Michel Palmer, the Negresco's director general, has been here since 1965. He has seen a lot. Palmer is a charming bon vivant with the grace and tact of a diplomat of the French Foreign Office. Sipping from a glass of champagne with a drop or two of some liqueur (a house specialty), he is telling me all about some of the Negresco's guests - and telling me nothing at the same time. Nothing really personal-like.
``The celebrities are very different when they are here,'' he says. ``They are very natural.''
He says the Beatles wrote something or another when they were here - he couldn't remember what - and Andrew Lloyd Webber composed part of ``Cats'' here. Elton John took over an entire floor and commuted to engagements in Madrid and Barcelona in a private jet. He tells of once arranging a luncheon get-together for Prince Rainier and Princess Grace (Monaco is just down the road) with Salvador Dali . . . and then joining then at the table at their insistence.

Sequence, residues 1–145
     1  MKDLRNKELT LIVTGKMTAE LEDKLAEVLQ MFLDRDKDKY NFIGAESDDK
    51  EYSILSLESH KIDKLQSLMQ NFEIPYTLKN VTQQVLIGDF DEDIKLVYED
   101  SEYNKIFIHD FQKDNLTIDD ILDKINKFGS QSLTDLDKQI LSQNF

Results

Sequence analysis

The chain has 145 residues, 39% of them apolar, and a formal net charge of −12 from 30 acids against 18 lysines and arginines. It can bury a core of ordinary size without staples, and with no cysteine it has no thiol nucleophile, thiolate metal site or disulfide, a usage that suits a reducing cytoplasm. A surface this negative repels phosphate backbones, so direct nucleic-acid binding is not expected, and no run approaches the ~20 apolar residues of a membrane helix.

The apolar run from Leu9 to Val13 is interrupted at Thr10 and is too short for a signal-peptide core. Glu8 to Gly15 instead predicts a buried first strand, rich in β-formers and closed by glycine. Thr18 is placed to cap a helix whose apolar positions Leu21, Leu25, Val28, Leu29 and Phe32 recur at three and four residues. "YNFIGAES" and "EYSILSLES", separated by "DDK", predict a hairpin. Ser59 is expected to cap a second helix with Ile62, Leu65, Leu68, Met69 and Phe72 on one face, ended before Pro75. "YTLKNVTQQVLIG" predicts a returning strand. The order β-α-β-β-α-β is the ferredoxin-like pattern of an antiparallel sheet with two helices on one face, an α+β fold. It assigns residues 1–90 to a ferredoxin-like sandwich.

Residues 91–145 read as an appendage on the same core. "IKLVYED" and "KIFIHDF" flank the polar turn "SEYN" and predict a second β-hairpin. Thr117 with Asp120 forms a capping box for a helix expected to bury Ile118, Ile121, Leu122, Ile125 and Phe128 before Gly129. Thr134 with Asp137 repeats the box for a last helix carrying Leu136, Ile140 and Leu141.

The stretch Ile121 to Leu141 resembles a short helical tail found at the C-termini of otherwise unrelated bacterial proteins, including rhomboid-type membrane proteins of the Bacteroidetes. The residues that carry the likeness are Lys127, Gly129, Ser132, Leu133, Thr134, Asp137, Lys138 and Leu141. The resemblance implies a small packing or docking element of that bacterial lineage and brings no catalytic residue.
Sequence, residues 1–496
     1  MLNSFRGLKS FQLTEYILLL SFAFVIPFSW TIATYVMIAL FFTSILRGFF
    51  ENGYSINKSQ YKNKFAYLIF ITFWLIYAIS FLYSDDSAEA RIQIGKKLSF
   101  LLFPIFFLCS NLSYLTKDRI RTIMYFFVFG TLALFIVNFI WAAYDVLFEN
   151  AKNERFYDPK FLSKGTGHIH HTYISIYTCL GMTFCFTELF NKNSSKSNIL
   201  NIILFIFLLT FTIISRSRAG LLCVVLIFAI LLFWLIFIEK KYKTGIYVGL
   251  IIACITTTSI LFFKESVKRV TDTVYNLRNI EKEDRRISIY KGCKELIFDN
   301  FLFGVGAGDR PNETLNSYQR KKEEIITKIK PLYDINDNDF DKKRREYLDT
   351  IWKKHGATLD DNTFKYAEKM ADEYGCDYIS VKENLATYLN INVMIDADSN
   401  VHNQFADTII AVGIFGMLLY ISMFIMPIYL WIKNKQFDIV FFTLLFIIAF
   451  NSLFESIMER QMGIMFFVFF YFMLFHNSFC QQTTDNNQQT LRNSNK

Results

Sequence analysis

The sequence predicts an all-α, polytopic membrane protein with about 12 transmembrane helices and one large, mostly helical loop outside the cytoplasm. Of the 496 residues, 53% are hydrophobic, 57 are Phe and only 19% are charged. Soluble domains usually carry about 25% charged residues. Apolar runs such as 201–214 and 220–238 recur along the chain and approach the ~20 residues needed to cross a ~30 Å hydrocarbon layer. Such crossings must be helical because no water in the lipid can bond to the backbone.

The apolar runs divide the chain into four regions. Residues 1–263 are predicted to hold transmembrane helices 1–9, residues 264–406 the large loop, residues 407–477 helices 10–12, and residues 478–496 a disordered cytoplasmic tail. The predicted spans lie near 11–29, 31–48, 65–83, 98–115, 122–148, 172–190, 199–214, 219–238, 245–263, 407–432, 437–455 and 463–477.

Palmer says that Michael Jackson's four-day stay was the most, uh, challenging. ``There were about 1,000 people outside every day. We had to arrange for him to leave from a different exit each time.'' He laughs as he recalls Michael having ``that Roger Rabbit film'' flown in from the United States so he could watch it.
My chamber, No. 225, adjacent to the Coco Chanel suite, has big French doors that open onto the Promenade and the Bay of Angels beyond. The room is not particularly large, although perhaps it only seemed that way because it is dominated by an enormous, ornately hand-carved wooden canopy double bed whose origins I would guess to be 16th century.